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PostPosted: Tue Sep 30, 2014 1:19 am 
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Joined: Sat Oct 05, 2013 4:12 am
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Location: Dubai
I’ve been a GM for a long time. Oh, I’ve played in occasional one-offs, but for the last 25 years I’ve invariably been the GM. Until this year. Until I got involved with Pathfinder Society. I realised when my first PFS character hit Level 2 in March that I hadn’t levelled a character up since the late 1980s.

So much time behind the screen, I’d kind of forgotten what it was like to be a player. My GMing style had become part storyteller, part entertainer. I saw my role as enabling players to fulfil dreams.
There’s some truth in that, but the amount of playing I’ve done in Pathfinder Society has reminded me what I love about a player; this in turn has given me valuable lessons about how to GM better.

It’s made me harsher – but fairer. I think it's made me a better GM.

Feel free to disagree, expand, expound or add your own lessons.

1) Risk gives the game meaning

At one stage I was rather proud of the fact that no PC had died on my watch in decades. No longer.

As a player I have plans for my characters. I plan their feats, their development, two or three levels ahead. I think of the cool powers I’m going to get them, the cool items that boost their strengths or shore up their weaknesses.

The knowledge they may not get there makes me nervous. Every time I put a character I care about into action as a player, I worry about their survival. Without that risk, without that worry, I may as well not bother playing. I can sit and spend an evening creating and levelling up characters who never risk their lives in an adventure.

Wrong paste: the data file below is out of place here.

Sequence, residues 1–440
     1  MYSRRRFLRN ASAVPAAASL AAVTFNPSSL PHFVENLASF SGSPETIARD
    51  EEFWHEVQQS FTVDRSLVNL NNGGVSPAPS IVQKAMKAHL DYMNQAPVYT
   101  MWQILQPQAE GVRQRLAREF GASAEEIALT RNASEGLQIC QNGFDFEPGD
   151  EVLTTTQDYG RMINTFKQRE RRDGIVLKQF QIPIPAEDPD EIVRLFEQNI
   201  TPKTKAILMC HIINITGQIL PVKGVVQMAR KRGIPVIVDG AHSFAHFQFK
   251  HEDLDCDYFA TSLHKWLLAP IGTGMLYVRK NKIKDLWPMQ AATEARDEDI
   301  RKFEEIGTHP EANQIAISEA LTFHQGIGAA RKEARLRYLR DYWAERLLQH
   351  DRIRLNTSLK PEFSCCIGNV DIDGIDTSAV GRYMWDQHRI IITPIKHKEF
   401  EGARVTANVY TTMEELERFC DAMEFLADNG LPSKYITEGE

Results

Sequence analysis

Lesson learnt: Do not fudge to keep player characters alive. Risk is part of their story; adventurers shouldn’t be molly-coddled. That doesn't necessarily mean I need to throw haymakers all the time, just acknowledge that adventuring is dangerous, and players know that.

2) The rules are important

Players need to know the rules you’re using in order to develop and play their characters effectively. That doesn’t mean you can’t house rule (except in PFS), but they should know the house rules in advance (or have the chance to modify their character to accommodate a previously unknown house rule). If I’ve invested a feat in order to create a specific rule exception for my character, it’s wasted if the GM doesn’t apply the standard rule to other characters.

3) Consistency is important

This is related to (2). Sure, different GMs have different styles, and even apply some rules differently. That’s good and healthy, but a capricious GM, who applies rules and rulings inconsistently, leaves players uncertain and their characters vulnerable to whim. That’s not good.

4) It’s not the GM’s job to know how my character works

Sure, if you’re trying a system none of your players have played before, or you have a new player, you’re going to have to go through a coaching process. But once they’ve settled in, and chosen their powers or abilities, it’s their job to know how to use them. Once I used to look rules and spells up for players. Now I’ll only do that for beginners. If players aren’t ready, they can miss their turn (or hold their action until they’ve worked out what to do).

4b) Sometimes I know how my character works better than the GM

if there's a grey area of the rules, it's better to find out how the GM interprets it before the game. If it crops up in play, a good GM will listen to the player's case. If a player clearly knows the rule better than the GM, trust them on it and check the rkles later. Usually it's better to err on the side of the player than on ruling against them, at least in the session where the uncertainty arises.

5) Just because it’s obvious to the GM doesn’t mean it’s obvious to the players